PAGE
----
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WATCH THIS: Kabaka Pyramid “Kabaka vs. Pyramid” Official Music Video

WATCH THIS: Kabaka Pyramid "Kabaka vs. Pyramid" Official Music Video

Accurate Lyricist Drops Battle-Rap-Themed Video

Kabaka Pyramid continues the trend of Rastafarian artists rapping over boom bap hip-hop beats. In this video, aptly titled “Kabaka vs. Pyramid,” the artist pays homage to battle rap and stages a rap battle with himself. Hip hop has a long history of alter-egos, from Tupac/Makavelli to Eminem/Slim Shady, and even T.I. vs. T.I.P. Will the Bebble Rock spitter continue the trend in dancehall? Rockin’ over Biggie’s “Gimme The Loot” riddim, one persona keeps it patois while the other is twangin’ like a youth who spent time in Miami as he was coming up. Watch the video and find out who wins. Video After The Jump…
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WATCH THIS: Anthony Cruz “Where Would I Be” Official Music Video

WATCH THIS: Anthony Cruz "Where Would I Be" Official Music Video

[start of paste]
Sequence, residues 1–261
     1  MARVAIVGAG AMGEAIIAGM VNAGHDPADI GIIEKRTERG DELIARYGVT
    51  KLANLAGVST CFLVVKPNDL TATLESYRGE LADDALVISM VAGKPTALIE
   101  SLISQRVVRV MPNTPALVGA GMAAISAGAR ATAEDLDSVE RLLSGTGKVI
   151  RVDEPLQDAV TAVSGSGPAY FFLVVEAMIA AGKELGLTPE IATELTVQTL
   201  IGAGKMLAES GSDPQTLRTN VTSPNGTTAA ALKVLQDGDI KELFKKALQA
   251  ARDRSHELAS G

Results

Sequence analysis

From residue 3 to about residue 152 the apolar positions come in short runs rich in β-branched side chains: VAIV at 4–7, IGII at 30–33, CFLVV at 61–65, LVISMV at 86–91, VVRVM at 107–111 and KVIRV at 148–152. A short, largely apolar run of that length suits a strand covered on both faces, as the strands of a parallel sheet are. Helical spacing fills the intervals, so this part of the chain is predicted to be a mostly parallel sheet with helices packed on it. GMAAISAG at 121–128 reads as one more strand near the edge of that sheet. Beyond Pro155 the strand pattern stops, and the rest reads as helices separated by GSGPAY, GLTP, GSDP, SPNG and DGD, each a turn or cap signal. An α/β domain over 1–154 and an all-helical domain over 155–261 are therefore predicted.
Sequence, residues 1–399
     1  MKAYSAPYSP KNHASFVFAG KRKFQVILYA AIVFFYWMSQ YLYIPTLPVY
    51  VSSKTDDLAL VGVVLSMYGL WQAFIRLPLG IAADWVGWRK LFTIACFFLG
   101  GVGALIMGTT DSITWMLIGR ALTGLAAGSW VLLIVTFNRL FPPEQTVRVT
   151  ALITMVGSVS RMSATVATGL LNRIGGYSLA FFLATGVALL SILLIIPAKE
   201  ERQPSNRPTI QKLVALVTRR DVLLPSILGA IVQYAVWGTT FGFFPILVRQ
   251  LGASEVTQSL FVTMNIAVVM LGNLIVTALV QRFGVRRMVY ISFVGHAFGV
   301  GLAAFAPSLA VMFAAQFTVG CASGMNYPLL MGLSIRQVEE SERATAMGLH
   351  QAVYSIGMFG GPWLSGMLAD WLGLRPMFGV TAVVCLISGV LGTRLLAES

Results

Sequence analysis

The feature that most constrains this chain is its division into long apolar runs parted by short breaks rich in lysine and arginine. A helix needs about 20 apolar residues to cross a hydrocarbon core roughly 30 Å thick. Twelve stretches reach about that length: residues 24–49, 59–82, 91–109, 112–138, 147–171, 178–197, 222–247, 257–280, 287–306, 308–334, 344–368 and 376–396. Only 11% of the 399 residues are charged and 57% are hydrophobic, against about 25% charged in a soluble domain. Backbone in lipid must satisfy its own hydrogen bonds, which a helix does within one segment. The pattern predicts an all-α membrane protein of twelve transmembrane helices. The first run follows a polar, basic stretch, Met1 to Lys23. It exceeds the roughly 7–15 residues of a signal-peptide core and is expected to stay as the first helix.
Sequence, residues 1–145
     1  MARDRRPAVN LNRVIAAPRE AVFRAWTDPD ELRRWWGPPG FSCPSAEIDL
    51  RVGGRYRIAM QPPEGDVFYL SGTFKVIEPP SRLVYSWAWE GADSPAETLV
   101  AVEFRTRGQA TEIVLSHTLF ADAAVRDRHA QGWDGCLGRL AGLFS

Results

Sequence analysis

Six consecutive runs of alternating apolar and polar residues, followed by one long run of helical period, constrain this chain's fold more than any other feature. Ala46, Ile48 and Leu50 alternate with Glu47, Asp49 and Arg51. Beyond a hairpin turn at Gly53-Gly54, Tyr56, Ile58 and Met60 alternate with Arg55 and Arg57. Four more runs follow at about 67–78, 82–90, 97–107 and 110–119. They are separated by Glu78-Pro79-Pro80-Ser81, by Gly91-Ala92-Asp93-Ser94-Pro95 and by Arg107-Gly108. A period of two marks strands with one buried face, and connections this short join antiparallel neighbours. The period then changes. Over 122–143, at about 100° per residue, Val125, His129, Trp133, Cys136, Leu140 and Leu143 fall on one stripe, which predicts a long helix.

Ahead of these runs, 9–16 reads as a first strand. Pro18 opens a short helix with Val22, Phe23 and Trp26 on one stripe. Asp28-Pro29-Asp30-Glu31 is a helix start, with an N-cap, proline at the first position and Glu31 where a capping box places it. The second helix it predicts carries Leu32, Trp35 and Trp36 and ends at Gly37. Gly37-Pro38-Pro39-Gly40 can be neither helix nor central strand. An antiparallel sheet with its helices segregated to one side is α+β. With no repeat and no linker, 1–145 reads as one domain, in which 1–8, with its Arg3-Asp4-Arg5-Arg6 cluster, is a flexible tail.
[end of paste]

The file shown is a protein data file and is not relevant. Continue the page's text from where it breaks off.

Giving Thanks For Guidance and Protection

Anthony Cruz is one of those under-the-radar reggae singers whose understated excellence deserves more praise than it receives. We first noticed him when he was rolling with the 5th Element crew alongside Richie Spice and Chuck Fender (aka “The Poor People Defender). Although he can finesse a lover’s rock tune more sweetly than most, Cruz has always been at his best singing reality tunes. “Place Too Bloody” his combination with Buju Banton, and the Beres Hammond produced “Dem Block Di Road” on Harmony House’s “Feel Good” riddim are two outstanding examples. Yesterday Cruz released a new video on his official website revealing that his clean-cut look has been replaced with a ragga-ragga Rastafari image. In the song, produced by the legendary Bobby Digital, Cruz gives thanks for live, health, and strength—acknowledging that even when he feels he’s in “Cruz control” there is a higher power calling the shots. Dropping so soon after Jamaica’s close call with Hurricane Matthew, the message is as timely as the song is strong.  Audio After The Jump… Read more »

“Nothing Can Harm Me” Remembering Countryman

"Nothing Can Harm Me" Remembering Countryman

A Man Who Represented Rastafari In Real Life